If Republicans were appearing on your news broadcasts and insisting that Barry Goldwater was the 38th president of the United States, or that the Chinese bombed Pearl Harbor, surely you would take a moment to halt the conversation and correct them. At least, I'd like to think so.
So why do you continue to allow Republican officials and conservative pundits to make statements such as "the Great Depression didn't end until World War II" or "the New Deal prolonged the depression" without comment? These statements are as incorrect as declaring Idaho a sovereign monarchy -- why are they constantly unchallenged?
Recovery from the Great Depression started in the first months of the Roosevelt administration and was directly attributable to the actions and programs that FDR undertook in his first 100 days. This is not an opinion. It's the conclusive verdict of history. It's a fact.
Was there poverty and misery throughout the 1930s? Of course there was, and no one would say otherwise. The United States was a much poorer country at that time than it is today. That we have enjoyed decades of growth, and that for most Americans the current crisis does not come close to having the devastating personal impact of the Depression era, is directly attributable to the programs that were instituted more than seventy years ago. In short we got it right in the 1930s, and we have benefited from those decisions ever since. The American dream of home ownership, of a decent job, of a dignified retirement... that dream wasn't just aided by Franklin Roosevelt's actions, it is the direct invention of the programs which grew from the New Deal.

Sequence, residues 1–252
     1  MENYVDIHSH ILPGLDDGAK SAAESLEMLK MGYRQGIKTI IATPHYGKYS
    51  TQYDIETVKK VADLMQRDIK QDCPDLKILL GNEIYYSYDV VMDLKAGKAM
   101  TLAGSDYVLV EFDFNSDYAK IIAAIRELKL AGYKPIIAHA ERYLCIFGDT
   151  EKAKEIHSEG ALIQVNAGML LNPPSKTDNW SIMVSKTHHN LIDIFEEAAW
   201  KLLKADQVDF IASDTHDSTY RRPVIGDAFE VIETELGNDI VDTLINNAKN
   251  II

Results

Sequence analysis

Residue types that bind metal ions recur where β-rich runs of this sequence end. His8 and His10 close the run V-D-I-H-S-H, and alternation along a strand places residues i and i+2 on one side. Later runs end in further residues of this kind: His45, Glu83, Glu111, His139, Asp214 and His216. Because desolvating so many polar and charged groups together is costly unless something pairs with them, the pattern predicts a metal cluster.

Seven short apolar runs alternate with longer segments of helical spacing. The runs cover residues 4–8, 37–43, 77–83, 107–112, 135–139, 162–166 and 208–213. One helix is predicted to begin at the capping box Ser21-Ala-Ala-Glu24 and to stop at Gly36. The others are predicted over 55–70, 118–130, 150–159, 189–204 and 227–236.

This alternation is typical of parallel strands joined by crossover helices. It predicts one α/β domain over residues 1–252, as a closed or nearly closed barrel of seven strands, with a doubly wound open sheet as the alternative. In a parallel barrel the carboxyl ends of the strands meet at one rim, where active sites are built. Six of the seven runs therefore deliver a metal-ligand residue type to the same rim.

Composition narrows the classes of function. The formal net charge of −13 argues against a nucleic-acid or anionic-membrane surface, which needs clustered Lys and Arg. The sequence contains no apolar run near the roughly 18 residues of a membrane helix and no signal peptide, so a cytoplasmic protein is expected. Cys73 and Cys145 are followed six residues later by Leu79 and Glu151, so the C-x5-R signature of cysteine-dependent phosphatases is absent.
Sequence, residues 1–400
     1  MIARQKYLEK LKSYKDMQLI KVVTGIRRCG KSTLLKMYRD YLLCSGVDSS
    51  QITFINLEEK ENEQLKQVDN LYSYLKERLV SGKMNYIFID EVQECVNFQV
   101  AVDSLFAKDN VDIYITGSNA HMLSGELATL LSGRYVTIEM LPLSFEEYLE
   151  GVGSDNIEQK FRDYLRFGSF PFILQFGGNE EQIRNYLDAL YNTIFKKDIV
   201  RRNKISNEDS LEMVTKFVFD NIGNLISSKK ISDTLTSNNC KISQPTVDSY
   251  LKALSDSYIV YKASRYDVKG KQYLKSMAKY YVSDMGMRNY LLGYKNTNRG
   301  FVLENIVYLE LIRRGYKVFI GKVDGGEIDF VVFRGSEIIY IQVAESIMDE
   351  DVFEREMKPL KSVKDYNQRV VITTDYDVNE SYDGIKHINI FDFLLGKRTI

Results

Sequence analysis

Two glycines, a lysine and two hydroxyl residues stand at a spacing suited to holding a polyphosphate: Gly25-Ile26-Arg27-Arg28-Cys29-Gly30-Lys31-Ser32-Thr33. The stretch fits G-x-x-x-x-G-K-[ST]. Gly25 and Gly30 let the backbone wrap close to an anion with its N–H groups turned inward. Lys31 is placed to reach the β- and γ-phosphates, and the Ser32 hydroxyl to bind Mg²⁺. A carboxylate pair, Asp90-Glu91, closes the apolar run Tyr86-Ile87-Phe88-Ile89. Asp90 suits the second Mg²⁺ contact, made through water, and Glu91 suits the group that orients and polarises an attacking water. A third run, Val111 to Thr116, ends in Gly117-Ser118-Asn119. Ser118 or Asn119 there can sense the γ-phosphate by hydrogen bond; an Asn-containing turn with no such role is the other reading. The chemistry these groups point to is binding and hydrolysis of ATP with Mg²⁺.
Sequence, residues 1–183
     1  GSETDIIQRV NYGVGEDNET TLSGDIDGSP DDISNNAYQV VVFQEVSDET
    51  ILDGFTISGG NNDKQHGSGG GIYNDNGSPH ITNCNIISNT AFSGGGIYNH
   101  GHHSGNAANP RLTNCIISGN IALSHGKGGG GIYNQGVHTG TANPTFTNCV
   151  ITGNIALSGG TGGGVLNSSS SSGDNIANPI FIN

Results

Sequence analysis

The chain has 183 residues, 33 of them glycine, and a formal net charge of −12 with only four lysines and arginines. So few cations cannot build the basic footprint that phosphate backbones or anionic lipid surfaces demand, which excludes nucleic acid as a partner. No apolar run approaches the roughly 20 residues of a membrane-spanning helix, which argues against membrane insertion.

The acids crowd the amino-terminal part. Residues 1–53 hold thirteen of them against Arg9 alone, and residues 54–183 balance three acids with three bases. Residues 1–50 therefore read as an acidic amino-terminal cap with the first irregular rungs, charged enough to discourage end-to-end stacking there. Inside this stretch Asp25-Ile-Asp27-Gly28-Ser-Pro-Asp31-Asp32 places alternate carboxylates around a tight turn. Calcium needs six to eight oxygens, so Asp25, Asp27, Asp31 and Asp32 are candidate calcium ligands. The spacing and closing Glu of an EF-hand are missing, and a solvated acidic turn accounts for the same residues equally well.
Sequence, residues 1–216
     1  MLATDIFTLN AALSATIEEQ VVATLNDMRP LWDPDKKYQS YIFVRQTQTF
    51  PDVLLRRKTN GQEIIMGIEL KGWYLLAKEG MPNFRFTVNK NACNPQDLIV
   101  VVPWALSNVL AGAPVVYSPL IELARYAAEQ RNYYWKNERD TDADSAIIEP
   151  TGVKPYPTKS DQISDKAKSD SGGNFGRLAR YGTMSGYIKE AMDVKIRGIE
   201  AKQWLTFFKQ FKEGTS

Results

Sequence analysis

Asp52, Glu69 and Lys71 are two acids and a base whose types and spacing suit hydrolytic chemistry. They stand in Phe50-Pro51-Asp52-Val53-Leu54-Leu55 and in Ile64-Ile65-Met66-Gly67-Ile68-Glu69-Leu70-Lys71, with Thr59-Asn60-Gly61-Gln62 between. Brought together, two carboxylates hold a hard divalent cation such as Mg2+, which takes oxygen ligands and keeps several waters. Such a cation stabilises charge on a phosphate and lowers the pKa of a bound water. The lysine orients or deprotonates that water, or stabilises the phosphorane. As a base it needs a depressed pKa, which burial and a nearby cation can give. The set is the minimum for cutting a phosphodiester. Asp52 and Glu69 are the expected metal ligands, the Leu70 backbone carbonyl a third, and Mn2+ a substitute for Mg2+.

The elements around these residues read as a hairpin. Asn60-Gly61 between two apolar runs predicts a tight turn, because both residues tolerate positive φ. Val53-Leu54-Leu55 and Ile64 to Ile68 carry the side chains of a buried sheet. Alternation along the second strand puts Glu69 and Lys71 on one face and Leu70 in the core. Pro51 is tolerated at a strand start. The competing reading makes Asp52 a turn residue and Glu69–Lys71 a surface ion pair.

In a time when we're trying to make equally difficult economic decisions against a backdrop of complex financial considerations, it's incumbent on the news media to play a role in helping Americans obtain the best, most accurate information available. Without it, the odds that we will not make the right decisions this time are greatly increased.
Perhaps it's easier to allow Republicans to pass along a distorted version of history. Maybe it makes it easier to book guests. Certainly it's simpler to just let them have their say than to stop the day's sound bite for a history lesson. But being complicit in the twisting of American history isn't just lazy, it's dangerous. It has consequences that will affect the health, wealth and lives of your fellow Americans. It lessens the chance that our children and grandchildren will ever come to say "see how much better things are today than they were back in the first decade of the 21st century."
Please, the next time a guest appears on your show and makes a statement like "the Depression wouldn't even have been a depression without the New Deal," take two seconds to say No, that's not right. History will thank you.